03-25-2007, 04:39 PM #1
...and we think WE have a problem with Fire Deaths!!!
There have been arguments on here recently about the number of Fire Deaths in US and how the Fire Service needs to carry out more prevention work. This argument was countered by me, stating that despite spending a lot o time on 'Community Fire safety' we are still having lots of Fire Deaths in the UK... looking at the story of the 14 people rescued from a fire in London a few days ago we would have a lot more deaths if it wasn't for the work of Firefighters....
But I just read this on the Sky News website...puts it into persepective...
Moscow Club Fire Kills Ten
Updated: 18:35, Sunday March 25, 2007
Ten people have been killed after fire swept through a Moscow strip club.
Some witnesses said it broke out during a "fire show" that was part of the club's nightly entertainment.
They claimed a performer in the show inadvertently set his clothing on fire and that in turn ignited a container of flammable liquid.
All the deaths were reportedly due to smoke inhalation.
About 150 people escaped the blaze. Some needed hospital treatment.
The club's website describes it as offering striptease and erotic entertainment.
The city prosecutor's office has opened a criminal investigation on suspicion of fire safety violations, the ITAR-Tass news agency reported.
The club blaze draws new attention to Russia's severe problem with fire deaths.
Around 17,000 people died in fires last year, according to the emergency ministry - a rate several times higher than in Western countries.
Officials say poor enforcement of fire regulations and improper construction contribute to the high rate.
Last edited by SteveDude; 03-25-2007 at 04:41 PM.Steve Dude
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03-25-2007, 06:24 PM #2
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Unfortunately, that's been par for the course in Russia for decades. I feel bad for them. I couldn't imagine having to deal with that kind of death toll on a regular basis. THat's just unfathomable to expect.
03-26-2007, 10:57 AM #3
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This story is reported on the front pages of FH.com as well. Here is another excerpt from that:
The nursing home where the fatal fire broke out last week was in a town where the local fire department had been disbanded; fire crews took about an hour to get to the scene. A new alarm system had not been fully installed at the nursing home and some reports said a watchman ignored initial alarms from the system, calling for help only when he saw flames.If you don't do it RIGHT today, when will you have time to do it over? (Hall of Fame basketball player/coach John Wooden)
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03-29-2007, 08:44 AM #4
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on feb.14,2007 my dad was killed in a house fire.i know for a fact the fire dept did everything they could i was 1st station due in at the call.and as one said if it wasnt for the fire dept there would be alot more deaths for sure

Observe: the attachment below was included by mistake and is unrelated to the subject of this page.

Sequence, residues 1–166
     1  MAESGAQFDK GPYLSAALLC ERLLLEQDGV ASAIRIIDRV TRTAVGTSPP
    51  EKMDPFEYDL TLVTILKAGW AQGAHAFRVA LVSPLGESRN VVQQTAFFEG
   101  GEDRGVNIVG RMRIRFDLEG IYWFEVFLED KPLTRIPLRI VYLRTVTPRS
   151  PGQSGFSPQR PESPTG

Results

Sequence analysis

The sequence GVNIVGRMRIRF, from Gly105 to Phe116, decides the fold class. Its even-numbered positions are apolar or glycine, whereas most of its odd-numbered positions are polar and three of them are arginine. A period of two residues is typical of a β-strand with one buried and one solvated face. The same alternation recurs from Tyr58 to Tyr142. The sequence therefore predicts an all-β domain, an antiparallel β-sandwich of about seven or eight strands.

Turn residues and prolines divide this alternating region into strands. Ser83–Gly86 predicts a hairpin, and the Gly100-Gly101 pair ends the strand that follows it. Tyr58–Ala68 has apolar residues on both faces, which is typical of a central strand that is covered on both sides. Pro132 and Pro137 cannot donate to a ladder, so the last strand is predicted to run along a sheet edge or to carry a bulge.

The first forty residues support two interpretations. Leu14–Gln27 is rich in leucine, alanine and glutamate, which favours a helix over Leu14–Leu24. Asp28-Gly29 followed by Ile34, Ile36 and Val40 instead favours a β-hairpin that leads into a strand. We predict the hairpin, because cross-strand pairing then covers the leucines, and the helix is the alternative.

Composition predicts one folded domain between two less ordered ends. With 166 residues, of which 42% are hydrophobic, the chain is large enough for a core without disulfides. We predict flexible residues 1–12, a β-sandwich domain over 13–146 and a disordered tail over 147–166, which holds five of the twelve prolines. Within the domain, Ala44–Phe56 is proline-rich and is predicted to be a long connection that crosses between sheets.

03-29-2007, 02:09 PM #5
the following is from the textbook "Introduction to Fire Protection" from Thomson-Delmar Learning................
Appendix A- The U.S. Fire Problem
Now what I am typing is not from the book, but the information is. The book goes all the way back to 1977 and gives statistics for the number of fires, civilian deaths, civilian injuries, firefighter deaths, firefighter injuries, and direct property damage ($). the good thing is that the numbers drop from year to year. as the years go on, the numbers slowly start to drop. for instance......
as the years go on these numbers start to drop bit by bit. the only number that actually INCRESES over the years is the direct property damage ($). firefighter injuries kinda go back and forth, but on a medium stay arond 100,000 a year, give or take 4000-5000.
the lowest year between 1977-2000 for firefighter deaths was 1992 with 75 firefighter deaths, and the highest was 1978 with 172 firefighter deaths.
the highest number of civilian deaths between 1977-2000 was 1979 with 7,575 an the lowest was 1999 with 3,570.
the highest number of civilian injuries from 1977-2000 was 1979 with 31,325 and the lowest was 1999 with 21,875 injuries.
the highest year for fires was 1977 with 3,264,000 (or about 8942 fires a day) and the lowest year was 2000 with 1,708,000 fires ( or about 4679 fires a day).
the highest year for firefighter injuries was 1977 with 112,540 inuries and the lowest was 1999 with 88,000 injuries.
the lowest year for property damage was 1977 with $4,709,000,000 and the highest was 2000 with $11,207,000,000. this number, as i said befor, is the numbers that continue to rise.
all of these numbers are just the U.S. and include all fire related injuries and deaths from all types of fires. and if i am not mistaken, the state of Mississippi has the highest number of fire deaths than any other state in the U.S.
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